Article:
Hey there, time traveller!
This article was published 8/3/2013 (1369 days ago), so information in it may no longer be current.
By Andrew Pyper
Simon & Schuster, 304 pages, $25
Jean-Paul Sartre once wrote that "hell is other people," but Toronto thriller writer Andrew Pyper's hell is nothing so mundane.
The Demonologist is populated by, well, demons, although Pyper remains focused on the earthly torments of his characters.
When literature professor David Ullman loses his daughter after a demonic encounter, he embarks on a journey across countries and continents in an attempt to save her.
Ullman's journey is also from skeptic to believer, from an atheist scholar specializing in John Milton's Paradise Lost to a grief-stricken father face-to-face with a demon from the poem.
Sardonic in his suffering, Ullman appreciates the irony of having once defended the demon's struggle on philosophical grounds (a seemingly safe position to take on what he thought was a work of literature).
Ullman's only weapon is his knowledge of the literature of the demonic, and Pyper is careful to always tie Ullman's moments of artistic analysis to plot or character development, so that they never overwhelm or seem digressive.
Ullman's insight into Milton's poem or other literary works never seems especially erudite, but it also never gets in the way of the story that Pyper unfolds.
Pyper's literary thrillers have leaned more fully toward the horror genre since The Killing Circle, which landed on the New York Times notable crime fiction list of 2008. The Demonologist is his seventh book, possibly his best, and certainly his fullest foray into the horror genre.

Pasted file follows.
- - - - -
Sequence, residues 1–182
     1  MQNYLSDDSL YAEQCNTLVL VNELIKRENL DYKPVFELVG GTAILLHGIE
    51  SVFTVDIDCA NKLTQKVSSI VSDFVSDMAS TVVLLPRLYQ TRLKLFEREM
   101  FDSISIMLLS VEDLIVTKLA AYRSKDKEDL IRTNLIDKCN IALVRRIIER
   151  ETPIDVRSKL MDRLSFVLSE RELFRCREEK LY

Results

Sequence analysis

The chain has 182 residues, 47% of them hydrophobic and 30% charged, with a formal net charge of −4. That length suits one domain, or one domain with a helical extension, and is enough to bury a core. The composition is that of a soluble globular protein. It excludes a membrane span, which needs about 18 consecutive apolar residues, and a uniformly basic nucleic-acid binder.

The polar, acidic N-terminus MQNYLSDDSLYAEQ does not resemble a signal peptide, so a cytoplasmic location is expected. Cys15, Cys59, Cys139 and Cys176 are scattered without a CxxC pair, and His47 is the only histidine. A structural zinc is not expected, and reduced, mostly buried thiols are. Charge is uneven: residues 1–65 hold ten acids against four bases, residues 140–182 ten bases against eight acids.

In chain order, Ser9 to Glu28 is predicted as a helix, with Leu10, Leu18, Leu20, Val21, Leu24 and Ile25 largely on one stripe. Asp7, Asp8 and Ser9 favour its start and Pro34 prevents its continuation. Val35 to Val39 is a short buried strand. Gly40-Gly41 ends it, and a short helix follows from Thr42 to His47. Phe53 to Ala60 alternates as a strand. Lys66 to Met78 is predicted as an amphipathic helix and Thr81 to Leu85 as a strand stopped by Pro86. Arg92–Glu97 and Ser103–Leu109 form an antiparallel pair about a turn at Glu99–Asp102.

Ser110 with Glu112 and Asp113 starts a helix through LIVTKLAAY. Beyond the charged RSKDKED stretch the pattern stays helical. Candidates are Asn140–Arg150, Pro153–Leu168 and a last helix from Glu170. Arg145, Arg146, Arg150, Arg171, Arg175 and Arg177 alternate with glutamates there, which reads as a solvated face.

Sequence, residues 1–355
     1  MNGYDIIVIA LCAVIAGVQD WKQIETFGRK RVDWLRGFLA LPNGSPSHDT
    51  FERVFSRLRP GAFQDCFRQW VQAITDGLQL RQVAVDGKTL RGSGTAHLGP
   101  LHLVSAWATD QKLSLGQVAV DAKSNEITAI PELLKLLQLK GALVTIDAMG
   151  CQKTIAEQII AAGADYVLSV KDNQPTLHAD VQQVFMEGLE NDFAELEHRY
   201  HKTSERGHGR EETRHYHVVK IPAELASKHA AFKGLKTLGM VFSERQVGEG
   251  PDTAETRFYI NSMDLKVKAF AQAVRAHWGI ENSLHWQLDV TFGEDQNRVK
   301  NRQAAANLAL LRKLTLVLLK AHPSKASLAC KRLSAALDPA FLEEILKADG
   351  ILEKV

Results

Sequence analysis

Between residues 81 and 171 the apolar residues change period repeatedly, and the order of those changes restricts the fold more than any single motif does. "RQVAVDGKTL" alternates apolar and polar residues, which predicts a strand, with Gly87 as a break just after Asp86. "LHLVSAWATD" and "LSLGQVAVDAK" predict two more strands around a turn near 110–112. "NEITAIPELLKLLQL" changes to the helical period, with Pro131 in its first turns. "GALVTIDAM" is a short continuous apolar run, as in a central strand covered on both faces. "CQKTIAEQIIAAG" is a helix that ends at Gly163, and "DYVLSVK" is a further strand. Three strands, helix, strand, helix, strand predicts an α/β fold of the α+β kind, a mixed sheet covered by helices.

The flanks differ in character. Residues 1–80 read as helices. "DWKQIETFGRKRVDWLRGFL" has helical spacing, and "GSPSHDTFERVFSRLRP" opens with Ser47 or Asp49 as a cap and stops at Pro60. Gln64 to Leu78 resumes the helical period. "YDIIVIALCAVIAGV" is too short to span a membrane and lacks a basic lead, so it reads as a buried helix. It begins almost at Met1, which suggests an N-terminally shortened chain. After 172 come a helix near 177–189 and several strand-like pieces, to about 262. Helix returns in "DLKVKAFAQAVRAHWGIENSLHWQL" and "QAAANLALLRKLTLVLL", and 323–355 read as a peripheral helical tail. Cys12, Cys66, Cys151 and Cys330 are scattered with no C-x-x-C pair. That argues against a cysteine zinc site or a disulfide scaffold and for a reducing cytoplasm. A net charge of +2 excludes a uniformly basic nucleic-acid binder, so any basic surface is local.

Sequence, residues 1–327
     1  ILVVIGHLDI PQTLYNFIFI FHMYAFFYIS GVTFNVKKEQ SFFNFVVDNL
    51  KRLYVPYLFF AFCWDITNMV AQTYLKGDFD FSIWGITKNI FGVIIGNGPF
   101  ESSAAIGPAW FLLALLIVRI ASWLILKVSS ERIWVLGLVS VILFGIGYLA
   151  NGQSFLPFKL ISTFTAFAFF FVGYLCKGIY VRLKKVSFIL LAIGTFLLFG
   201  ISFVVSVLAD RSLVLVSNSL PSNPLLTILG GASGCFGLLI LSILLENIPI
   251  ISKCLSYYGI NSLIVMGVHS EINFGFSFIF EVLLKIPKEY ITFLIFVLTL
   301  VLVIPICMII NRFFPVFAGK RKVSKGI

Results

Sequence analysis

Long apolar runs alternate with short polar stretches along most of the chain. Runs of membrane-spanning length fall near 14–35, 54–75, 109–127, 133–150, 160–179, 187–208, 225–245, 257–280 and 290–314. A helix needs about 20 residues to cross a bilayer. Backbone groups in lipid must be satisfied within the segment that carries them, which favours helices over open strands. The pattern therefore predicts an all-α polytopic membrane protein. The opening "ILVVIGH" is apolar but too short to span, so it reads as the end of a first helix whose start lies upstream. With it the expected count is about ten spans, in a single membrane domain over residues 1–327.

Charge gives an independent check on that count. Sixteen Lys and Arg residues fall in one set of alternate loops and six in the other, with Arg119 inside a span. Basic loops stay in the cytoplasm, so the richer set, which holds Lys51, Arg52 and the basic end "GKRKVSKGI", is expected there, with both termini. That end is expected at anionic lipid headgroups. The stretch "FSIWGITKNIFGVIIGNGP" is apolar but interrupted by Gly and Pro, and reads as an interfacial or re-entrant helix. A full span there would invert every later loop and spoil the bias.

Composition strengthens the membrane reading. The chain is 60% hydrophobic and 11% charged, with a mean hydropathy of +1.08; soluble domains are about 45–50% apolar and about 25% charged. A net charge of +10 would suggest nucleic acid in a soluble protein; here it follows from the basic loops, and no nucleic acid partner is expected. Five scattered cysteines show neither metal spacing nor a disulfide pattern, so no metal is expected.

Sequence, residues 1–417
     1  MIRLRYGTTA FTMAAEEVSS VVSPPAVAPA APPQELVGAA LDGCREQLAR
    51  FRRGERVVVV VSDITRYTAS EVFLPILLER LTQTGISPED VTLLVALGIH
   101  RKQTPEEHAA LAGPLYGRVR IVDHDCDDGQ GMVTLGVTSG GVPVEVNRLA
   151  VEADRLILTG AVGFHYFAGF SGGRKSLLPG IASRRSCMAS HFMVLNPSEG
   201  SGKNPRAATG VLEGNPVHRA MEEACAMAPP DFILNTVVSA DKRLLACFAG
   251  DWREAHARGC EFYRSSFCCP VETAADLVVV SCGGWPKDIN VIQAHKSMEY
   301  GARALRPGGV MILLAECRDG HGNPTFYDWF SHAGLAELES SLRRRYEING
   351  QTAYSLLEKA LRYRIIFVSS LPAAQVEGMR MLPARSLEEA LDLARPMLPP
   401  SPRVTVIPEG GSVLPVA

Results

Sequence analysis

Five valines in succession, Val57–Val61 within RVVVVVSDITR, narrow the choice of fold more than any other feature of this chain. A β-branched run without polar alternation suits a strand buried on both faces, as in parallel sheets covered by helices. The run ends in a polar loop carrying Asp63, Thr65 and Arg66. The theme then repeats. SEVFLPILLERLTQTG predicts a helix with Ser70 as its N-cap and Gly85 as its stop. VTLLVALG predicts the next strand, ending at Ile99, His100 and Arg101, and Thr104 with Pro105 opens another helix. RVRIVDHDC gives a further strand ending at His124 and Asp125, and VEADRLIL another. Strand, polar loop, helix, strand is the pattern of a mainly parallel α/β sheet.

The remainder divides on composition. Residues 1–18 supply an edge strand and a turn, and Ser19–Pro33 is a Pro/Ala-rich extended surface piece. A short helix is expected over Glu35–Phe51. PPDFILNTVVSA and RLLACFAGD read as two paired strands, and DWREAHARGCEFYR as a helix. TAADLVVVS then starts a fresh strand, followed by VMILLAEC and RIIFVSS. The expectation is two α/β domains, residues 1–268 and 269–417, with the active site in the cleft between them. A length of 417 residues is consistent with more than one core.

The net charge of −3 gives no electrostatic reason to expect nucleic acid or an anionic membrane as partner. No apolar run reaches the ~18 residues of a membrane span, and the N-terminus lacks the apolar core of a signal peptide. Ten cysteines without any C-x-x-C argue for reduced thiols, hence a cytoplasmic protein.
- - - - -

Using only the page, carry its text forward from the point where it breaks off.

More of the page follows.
His plot rarely flags and remains difficult to predict, twisting elegantly rather than through clear contrivances, and the Miltonic and biblical echoes add an extra layer to what is, at its heart, a dissection of depression and an argument for hope.
The novel's greatest weakness is its inherited mythology: demons just aren't believable anymore, even to good Catholics, and so no longer inherently frightening.
Pyper knows this, and ties the problem of a lack of modern belief in demons to the plot. He also avoids, for the most part, the clichés and overwrought imagery common to such stories. There are no spikes or fire in Pyper's hell, which when it is glimpsed owes more to the dark woods that open Dante's Inferno than anything else.
Pyper has also learned H.P. Lovecraft's lesson that to show is human, to suggest divine (when it comes to the horror genre). During a later scene, when Ullman is granted visions of a nightmare chaos that might approximate hell, he wisely keeps his eyes on the ground in front of him, so that Pyper can hint at the scene through Ullman's other senses, rather than present a visual image that would inevitably fall short.
In other places, the novel's imagery is much more cinematic, so that it's no surprise to learn the novel is already in development with Hollywood director Robert Zemeckis.
The novel's core strength is Pyper's ability to flesh out and deepen what could otherwise be stock characters. It would be easy for Ullman to degenerate into the sort of symbol-obsessed spouter of cryptic nonsense that populates too many thrillers, but his melancholy and grief are drawn skilfully enough to elevate him above the stick figures that populate similar plots.
Even the demon has more character depth than we'd expect. At one point Ullman reminds his foe that the Bible predicts a lake of fire -- the death, failure and destruction of both Satan and his minions.
The demon doesn't deny it. Who can deny God? It's fighting a war that it knows it can't win. Its face falls and it seems like it might cry.
Winnipeg English professor (and lapsed Catholic) Jonathan Ball recently published his third poetry collection, The Politics of Knives.